# How to figure cost of product

Discussion in 'Pesticide & Herbicide Application' started by fireman1173005, Jan 22, 2009.

1. ### fireman1173005LawnSite Memberfrom Anadarko, OKPosts: 111

Ok I stopped by Lesco this morning and priced some products but I need help figuring the cost/1,000 sq. ft.

See if this is right.

Product A comes in a 2.5 gallon jug. and says to add 30oz. per 100 gallons of water. (I have a 100 gallon tank) And apply at 2 Gallons of mixed product per 1,000 sq. ft.

I know that there is 320 oz. in a 2.5 gallon jug and the product cost \$60 for the jug.

So first I figure out my cost per ounce. \$60/320 oz. = 0.1875 cents per ounce.

I need 30 oz. per tank so that will cost me 30oz. X 0.1875 cents =\$5.63 per tank.

I need to spray 2 gallons per 1,000 sq. ft. of mixed product and I have a 100 gallon tank so I can spray 50 gallons X 1,000sq. ft. = 50,000sq. ft. of spraying per tank.

But now I am lost on how to figure it out, I am new at this and need some help.

Brian

2. ### KACYDSLawnSite Senior Memberfrom New OrleansPosts: 559

You know it cost \$5.63 per 100 gallon tank.

You also know that a 100 gallon tank, at 2 gals per 1000 sq.ft., will do 50,000 sq. ft.

Take 5.63 (cost per 100 gal tank) divide that by 50 ( tank will do 50 x 1000 sq. ft) and that gives you roughly \$0.11 per 1000 sq. ft.

Hopefull that helps

3. ### RunnerLawnSite Fanaticfrom Flint, MichiganPosts: 13,494

Then add overlap, drift, cost of purchasing the chemical(s) - transport, time, storage, etc.., Then, you have your other various supplies (anti foam, spreader sticker, etc.), fuel to run equipment. Now, this only covers your material costs...This s NOT your operating costs. Make sure you figure ALL this in so you don't cut yourself short.

4. ### RicLawnSite Fanaticfrom S W FloridaPosts: 11,957

Brian

I believe you are making it hard on yourself. I wouldn't do the 100 gallon part. I would first find the cost per oz of the chemical. Then I would multiply it by the the label rate per thousand that you plan to use.

whereas \$ 60.00 / 320 = \$ 0.1875 per oz.

whereas 30 oz on 50 k = 0.6 oz per thousand.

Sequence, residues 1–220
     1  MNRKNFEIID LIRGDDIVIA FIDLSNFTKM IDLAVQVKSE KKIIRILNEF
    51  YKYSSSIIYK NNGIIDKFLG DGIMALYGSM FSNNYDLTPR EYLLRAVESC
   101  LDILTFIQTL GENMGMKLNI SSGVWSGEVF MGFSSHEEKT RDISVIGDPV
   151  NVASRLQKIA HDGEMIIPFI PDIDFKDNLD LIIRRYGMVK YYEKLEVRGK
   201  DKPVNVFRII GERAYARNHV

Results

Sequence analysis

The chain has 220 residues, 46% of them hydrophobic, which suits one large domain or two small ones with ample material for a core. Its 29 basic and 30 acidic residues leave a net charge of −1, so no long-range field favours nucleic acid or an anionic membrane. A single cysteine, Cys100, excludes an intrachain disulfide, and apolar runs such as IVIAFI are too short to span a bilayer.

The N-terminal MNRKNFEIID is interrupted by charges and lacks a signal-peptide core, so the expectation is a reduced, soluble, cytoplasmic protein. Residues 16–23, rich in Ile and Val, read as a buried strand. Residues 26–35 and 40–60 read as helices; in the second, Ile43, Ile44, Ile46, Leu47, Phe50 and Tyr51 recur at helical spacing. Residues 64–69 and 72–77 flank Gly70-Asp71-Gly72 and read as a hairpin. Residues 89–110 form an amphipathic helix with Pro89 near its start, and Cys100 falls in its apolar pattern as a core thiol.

Therefore 0.6 x 0.1875 = \$ 0.1123 chemical cost per thousand.

Runner

I add in an extra 10% cost factor for shrinkage or over application etc. Also don't forget to use sales tax and final jug cost.

I use Microsoft Excel as a cost program. I have each product I use set up so as the price changes I only need to enter or change the price. Excel then kicks out my new cost per thousand in every mix I use that has that chemical in. I can view each chemical cost and also my standard mixes. Of course fertilizer has been the big cost concern this last year or so. since math is math it works on both liquid and granular.

5. ### fireman1173005LawnSite Memberfrom Anadarko, OKPosts: 111

Ahhh, thanks for the help!!!

Brian

6. ### RicLawnSite Fanaticfrom S W FloridaPosts: 11,957

Fireman

I couldn't help to notice you ask this same question on an other Forum word for word. Only I also see you got grief and punishment instead of answers. I don't like to carry tales but that wasn't right.

7. ### fireman1173005LawnSite Memberfrom Anadarko, OKPosts: 111

yea, people don't seem to be as nice there. I appreciate everyone's help!!!

8. ### RigglePLCLawnSite Fanaticfrom Grand Rapids MIPosts: 12,351

Fire,
KAYCDS and Ric are right. Is this for cool season or warm season grass? On cool season grass--most 3-way products are used a little heavier, 1.1 to 1.5 ounce per 1000 sqft. Unless you are applying to southern grasses. Be sure to take a careful look at the label.

9. ### mattfromNYLawnSite Bronze Memberfrom Central NYPosts: 1,580

Ric,
you rock!
I've been killing myself trying to figure costs of various materials this winter, trying to put together a quick way to figure estimates.
After reading your post, I went into Microsoft spreadsheet and set up a quick converter for liquid, and one for granular. Man, what a timesaver!
Thanks,
Matt.

10. ### RicLawnSite Fanaticfrom S W FloridaPosts: 11,957

Matt

Glad you liked it and found it valuable. Excel is very easy to set up and a excellent tool for all kinds of number work. I have costs right at my finger tips at all times. I use a different line for each product then even get totals of tank mixes by the tank and per thousand. Once set up, you only need keep the prices of chemicals current.